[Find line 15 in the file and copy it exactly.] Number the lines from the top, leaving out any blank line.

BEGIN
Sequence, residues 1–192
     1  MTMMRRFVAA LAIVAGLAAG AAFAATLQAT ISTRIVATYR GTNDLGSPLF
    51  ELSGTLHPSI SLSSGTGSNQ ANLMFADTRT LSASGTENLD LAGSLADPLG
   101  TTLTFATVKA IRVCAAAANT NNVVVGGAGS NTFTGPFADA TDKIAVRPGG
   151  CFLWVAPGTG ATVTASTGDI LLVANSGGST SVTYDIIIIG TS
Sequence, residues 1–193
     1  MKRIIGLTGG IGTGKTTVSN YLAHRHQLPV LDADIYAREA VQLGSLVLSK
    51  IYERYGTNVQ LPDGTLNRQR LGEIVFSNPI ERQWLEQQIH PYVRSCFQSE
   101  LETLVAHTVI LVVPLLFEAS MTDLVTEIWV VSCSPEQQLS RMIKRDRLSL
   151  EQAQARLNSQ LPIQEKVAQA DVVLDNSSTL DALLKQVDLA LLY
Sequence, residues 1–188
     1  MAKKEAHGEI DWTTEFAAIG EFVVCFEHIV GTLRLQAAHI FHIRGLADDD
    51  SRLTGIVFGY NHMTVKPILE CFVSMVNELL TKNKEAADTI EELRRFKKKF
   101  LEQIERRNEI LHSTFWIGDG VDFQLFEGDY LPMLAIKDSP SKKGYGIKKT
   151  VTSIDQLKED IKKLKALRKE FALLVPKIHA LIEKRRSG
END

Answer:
   151  VTSIDQLKED IKKLKALRKE FALLVPKIHA LIEKRRSG